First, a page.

As part of this job, I was also able to receive HEIW funding to train as an independent prescriber. This has taught me how to perform physical examinations on patients and allowed me to prescribe medications in a specialist clinical area. I completed my prescribing course in anti-coagulation for atrial fibrillation and currently prescribe in this area.
Since completing my independent prescribing, I have also began working independently for one of the practices in my cluster. This has allowed me to expand my prescribing scope of practice and take on additional responsibilities, including running my own minor illness clinic. I currently split my time working independently for this practice, as well as working as part of the larger team of pharmacists in the cluster, providing great variety to my working week.
I have also been lucky enough to gain additional employment as a clinical lead for NHS 111 where I currently lead a team of pharmacists covering South East Wales. In 111 Pharmacists work as part of a team alongside GPs and nurses to triage and treat illnesses over the phone and in person, during the out of hours periods of the week. This has allowed me to develop additional skills in leadership, telephone consultations and managing acute illness and has been a rewarding experience, to help patients during the hours they are unable to access their own GP.
Since the COVID-19 pandemic, as part of my cluster role, I have been able to provide vital support to the vaccination programme. I, along with other cluster pharmacists in my Health Board, have been part of the team staffing the mass vaccination centres. I have had a number of responsibilities since the programme began, from vaccinating patients, to managing the preparation and storage of the various vaccines in use. I have been incredibly proud to have had the opportunity to support the NHS throughout the pandemic and grateful to have a role that has allowed me to be a part of this.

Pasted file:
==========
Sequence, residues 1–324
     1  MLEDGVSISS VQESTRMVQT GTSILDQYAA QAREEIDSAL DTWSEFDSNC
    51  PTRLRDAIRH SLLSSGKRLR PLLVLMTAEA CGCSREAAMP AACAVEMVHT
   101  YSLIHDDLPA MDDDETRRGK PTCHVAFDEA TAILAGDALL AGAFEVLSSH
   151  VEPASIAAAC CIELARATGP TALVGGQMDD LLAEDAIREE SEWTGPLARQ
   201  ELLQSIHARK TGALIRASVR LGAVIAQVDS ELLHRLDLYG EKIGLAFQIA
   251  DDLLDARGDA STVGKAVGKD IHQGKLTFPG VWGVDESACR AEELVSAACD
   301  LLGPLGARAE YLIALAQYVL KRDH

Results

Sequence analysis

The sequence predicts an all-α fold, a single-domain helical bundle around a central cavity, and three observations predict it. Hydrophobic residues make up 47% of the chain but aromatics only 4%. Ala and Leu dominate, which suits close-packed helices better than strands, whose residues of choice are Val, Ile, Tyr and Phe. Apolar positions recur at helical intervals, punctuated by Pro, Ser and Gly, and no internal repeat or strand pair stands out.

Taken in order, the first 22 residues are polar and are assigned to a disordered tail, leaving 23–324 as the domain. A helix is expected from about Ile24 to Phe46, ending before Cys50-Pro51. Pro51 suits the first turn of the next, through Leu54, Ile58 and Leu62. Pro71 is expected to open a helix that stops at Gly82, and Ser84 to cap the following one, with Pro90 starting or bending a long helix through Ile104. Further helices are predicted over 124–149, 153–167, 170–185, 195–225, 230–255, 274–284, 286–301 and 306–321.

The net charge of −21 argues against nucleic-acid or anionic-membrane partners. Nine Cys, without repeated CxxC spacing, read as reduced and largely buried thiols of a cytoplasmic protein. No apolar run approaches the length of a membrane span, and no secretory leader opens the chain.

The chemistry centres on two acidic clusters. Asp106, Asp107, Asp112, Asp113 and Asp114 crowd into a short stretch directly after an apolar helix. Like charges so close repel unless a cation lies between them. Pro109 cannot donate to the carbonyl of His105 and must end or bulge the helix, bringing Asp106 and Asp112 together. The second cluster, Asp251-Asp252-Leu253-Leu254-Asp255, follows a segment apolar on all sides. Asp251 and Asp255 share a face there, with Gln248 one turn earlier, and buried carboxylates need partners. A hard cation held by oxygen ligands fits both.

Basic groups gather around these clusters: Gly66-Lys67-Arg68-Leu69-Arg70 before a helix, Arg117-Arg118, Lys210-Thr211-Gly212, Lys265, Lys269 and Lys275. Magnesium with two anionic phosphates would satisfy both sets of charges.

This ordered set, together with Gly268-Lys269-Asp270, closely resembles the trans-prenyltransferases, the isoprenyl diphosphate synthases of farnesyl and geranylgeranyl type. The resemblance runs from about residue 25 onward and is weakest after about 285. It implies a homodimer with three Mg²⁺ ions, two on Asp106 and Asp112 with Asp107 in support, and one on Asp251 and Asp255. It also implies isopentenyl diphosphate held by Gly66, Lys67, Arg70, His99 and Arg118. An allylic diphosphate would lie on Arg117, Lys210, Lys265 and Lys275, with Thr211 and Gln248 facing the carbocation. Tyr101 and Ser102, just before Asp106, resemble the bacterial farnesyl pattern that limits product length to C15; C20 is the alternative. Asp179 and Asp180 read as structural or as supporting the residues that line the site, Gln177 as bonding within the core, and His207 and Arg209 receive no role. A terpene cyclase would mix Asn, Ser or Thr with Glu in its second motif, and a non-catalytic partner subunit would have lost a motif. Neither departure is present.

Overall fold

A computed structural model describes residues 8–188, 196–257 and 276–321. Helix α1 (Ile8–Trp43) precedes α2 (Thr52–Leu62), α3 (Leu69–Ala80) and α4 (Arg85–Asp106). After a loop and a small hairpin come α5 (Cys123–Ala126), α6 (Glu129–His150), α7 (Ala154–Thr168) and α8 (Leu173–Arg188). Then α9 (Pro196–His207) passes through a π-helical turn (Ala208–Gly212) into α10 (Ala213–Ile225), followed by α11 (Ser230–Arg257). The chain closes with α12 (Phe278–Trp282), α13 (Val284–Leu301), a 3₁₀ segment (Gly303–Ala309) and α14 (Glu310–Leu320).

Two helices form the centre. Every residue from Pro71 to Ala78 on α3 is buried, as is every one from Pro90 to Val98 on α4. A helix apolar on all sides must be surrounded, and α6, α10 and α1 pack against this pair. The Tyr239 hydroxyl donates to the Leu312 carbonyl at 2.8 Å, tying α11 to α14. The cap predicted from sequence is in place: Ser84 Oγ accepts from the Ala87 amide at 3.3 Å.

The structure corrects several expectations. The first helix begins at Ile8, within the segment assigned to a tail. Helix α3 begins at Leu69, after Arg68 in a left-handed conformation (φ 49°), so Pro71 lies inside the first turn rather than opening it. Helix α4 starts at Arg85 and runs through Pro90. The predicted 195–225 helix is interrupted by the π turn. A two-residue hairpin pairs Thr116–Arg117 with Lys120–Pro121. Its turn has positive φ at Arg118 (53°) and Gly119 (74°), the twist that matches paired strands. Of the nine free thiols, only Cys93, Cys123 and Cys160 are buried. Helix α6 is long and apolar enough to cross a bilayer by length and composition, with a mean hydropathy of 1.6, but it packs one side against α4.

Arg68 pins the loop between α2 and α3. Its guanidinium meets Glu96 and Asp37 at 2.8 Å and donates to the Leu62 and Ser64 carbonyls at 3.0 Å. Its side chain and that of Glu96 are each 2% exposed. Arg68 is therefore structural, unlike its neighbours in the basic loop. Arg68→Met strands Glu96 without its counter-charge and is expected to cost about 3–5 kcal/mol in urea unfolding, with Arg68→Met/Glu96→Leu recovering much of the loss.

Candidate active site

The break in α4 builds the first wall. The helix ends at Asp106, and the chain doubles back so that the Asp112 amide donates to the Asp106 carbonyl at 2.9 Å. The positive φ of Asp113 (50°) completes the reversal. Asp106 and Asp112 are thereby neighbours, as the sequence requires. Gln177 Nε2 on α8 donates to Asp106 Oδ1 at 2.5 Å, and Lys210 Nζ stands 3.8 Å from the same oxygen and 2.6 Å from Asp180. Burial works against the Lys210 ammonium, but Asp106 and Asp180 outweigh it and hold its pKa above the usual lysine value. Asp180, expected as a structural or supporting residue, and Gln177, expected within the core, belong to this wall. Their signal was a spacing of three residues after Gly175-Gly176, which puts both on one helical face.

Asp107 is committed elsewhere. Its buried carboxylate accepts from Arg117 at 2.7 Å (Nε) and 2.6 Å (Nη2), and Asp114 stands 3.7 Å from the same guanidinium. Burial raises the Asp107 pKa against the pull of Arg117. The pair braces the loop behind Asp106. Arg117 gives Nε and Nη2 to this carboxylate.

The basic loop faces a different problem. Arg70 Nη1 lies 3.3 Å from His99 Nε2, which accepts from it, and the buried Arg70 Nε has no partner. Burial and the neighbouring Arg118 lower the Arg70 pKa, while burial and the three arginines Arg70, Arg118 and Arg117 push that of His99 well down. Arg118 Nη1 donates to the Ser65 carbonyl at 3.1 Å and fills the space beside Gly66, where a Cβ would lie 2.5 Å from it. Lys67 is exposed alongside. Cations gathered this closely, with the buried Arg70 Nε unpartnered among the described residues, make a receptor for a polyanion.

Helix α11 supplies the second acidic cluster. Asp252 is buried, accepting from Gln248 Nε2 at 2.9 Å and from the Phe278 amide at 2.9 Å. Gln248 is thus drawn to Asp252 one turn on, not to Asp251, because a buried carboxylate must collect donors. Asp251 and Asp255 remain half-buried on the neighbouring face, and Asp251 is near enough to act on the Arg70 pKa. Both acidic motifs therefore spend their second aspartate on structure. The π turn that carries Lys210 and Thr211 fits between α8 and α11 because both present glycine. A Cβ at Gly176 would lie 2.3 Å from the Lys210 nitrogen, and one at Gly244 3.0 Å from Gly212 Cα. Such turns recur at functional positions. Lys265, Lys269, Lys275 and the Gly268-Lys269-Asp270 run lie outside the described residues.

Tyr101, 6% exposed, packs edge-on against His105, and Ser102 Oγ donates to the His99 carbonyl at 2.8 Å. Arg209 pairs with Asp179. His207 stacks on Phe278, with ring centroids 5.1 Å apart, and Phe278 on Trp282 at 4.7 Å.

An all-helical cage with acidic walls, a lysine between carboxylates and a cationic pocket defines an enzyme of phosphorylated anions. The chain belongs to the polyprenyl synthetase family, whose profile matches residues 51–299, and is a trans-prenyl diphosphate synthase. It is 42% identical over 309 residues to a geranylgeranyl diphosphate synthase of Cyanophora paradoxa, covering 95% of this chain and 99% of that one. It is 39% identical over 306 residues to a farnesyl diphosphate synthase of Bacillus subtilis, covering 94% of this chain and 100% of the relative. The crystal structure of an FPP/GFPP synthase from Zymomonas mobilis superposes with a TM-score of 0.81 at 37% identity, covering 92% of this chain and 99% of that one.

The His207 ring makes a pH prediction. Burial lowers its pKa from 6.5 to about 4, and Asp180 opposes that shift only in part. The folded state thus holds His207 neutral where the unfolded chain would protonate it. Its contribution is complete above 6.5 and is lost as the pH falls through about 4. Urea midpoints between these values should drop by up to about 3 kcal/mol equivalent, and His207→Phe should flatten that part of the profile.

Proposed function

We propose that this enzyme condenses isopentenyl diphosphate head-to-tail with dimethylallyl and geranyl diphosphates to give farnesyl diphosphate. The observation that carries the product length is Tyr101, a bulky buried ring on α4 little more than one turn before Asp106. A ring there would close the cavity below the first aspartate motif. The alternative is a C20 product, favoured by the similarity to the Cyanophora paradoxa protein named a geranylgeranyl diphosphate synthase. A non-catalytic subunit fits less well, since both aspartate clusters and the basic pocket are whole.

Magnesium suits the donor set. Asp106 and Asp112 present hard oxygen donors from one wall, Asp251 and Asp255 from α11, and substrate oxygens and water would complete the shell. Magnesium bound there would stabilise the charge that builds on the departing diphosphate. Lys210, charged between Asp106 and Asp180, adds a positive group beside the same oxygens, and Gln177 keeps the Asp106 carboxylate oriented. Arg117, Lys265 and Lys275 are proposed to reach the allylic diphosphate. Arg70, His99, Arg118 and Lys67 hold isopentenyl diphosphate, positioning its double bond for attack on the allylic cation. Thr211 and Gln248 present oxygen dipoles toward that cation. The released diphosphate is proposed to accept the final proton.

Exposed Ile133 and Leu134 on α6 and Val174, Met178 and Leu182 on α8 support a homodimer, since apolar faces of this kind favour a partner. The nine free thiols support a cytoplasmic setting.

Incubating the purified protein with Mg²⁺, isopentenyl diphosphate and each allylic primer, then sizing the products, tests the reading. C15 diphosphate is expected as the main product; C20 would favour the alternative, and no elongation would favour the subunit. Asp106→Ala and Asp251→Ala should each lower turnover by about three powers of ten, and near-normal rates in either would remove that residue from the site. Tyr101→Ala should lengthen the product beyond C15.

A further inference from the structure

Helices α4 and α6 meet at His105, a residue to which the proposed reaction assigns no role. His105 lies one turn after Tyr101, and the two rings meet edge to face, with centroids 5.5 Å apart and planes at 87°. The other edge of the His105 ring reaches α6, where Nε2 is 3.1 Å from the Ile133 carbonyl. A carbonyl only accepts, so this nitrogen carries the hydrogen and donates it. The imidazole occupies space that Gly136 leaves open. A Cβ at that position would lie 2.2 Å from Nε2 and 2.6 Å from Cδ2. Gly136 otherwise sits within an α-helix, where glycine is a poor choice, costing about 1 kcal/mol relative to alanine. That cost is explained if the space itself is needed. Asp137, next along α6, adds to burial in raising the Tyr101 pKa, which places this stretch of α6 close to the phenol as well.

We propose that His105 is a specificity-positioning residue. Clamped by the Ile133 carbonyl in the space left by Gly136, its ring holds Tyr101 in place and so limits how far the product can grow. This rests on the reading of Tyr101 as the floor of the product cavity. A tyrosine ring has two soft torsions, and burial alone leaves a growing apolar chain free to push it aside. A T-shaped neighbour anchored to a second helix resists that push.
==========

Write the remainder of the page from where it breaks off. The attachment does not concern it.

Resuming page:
I have recently been accepted to start a secondment from my current roles, in which I will join the Welsh Clinical Leadership Training Fellowship (WCLTF) programme for the next year. This role involves working closely with Health Education Improvement Wales (HEIW) and Welsh Government and will provide great opportunities to develop my skills as a leader and be a part of major projects that will shape the future of Pharmacy and the wider NHS in Wales. I am very much looking forward to the opportunity.
Over the last few years, I have been given a huge amount of opportunity and feel the training programmes for pharmacists in Wales have provided me with an amazing start to my career. I’m lucky enough to work sociable hours and have plenty of time to relax and focus on doing the things I love, whether it’s taking in the amazing sights on a run or exploring new restaurants and enjoying the café culture in the city. Everything is on the doorstep here in Cardiff! Coming to South Wales was one of the best decisions I made for my career, and now that I’m here, I can’t ever imagine leaving.”